RFC 7540 [RFC 7540] stream priority allowed a client to send a series of priority signals that communicate to the server a "priority tree"; the structure of this tree represents the client's preferred relative ordering and weighted distribution of the bandwidth among HTTP responses. Servers could use these priority signals as input into prioritization decisions.
The design and implementation of RFC 7540 stream priority were observed to have shortcomings, as explained in Section 2. HTTP/2 [HTTP/2] has consequently deprecated the use of these stream priority signals. The prioritization scheme and priority signals defined herein can act as a substitute for RFC 7540 stream priority.
This document describes an extensible scheme for prioritizing HTTP responses that uses absolute values. Section 4 defines priority parameters, which are a standardized and extensible format of priority information. Section 5 defines the Priority HTTP header field, which is an end-to-end priority signal that is independent of protocol version. Clients can send this header field to signal their view of how responses should be prioritized. Similarly, servers behind an intermediary can use it to signal priority to the intermediary. After sending a request, a client can change their view of response priority (see Section 6) by sending HTTP-version-specific frames as defined in Sections [7.1] and [7.2].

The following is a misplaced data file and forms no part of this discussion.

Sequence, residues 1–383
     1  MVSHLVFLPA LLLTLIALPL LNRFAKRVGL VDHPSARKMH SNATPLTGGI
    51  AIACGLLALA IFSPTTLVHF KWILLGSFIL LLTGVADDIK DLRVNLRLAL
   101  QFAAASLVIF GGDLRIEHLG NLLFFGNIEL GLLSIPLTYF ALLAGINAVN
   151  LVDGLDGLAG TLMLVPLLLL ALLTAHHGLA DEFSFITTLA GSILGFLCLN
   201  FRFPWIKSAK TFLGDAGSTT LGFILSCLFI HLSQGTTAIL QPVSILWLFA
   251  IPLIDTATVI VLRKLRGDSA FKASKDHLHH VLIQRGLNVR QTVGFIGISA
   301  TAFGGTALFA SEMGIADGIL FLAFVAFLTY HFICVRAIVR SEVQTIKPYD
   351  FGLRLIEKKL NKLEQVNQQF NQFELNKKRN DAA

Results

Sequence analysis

Header field and frame priority signals are input to a server's response prioritization process. They are only a suggestion and do not guarantee any particular processing or transmission order for one response relative to any other response. Sections [10] and [12] provide considerations and guidance about how servers might act upon signals.

1.1.  Notational Conventions